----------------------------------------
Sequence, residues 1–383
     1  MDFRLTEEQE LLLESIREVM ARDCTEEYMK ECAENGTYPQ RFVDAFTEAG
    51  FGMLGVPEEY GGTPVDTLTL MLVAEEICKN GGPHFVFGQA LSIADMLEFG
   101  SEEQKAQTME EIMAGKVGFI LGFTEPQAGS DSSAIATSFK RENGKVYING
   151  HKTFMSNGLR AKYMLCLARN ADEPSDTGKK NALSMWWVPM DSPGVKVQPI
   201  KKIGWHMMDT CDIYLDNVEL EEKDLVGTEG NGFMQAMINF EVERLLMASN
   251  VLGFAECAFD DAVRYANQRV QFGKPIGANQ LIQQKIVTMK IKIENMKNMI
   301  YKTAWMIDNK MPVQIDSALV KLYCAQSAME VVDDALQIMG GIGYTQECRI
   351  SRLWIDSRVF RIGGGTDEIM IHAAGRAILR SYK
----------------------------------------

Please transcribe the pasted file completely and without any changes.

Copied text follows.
Sequence, residues 1–383
     1  MDFRLTEEQE LLLESIREVM ARDCTEEYMK ECAENGTYPQ RFVDAFTEAG
    51  FGMLGVPEEY GGTPVDTLTL MLVAEEICKN GGPHFVFGQA LSIADMLEFG
   101  SEEQKAQTME EIMAGKVGFI LGFTEPQAGS DSSAIATSFK RENGKVYING
   151  HKTFMSNGLR AKYMLCLARN ADEPSDTGKK NALSMWWVPM DSPGVKVQPI
   201  KKIGWHMMDT CDIYLDNVEL EEKDLVGTEG NGFMQAMINF EVERLLMASN
   251  VLGFAECAFD DAVRYANQRV QFGKPIGANQ LIQQKIVTMK IKIENMKNMI
   301  YKTAWMIDNK MPVQIDSALV KLYCAQSAME VVDDALQIMG GIGYTQECRI
   351  SRLWIDSRVF RIGGGTDEIM IHAAGRAILR SYK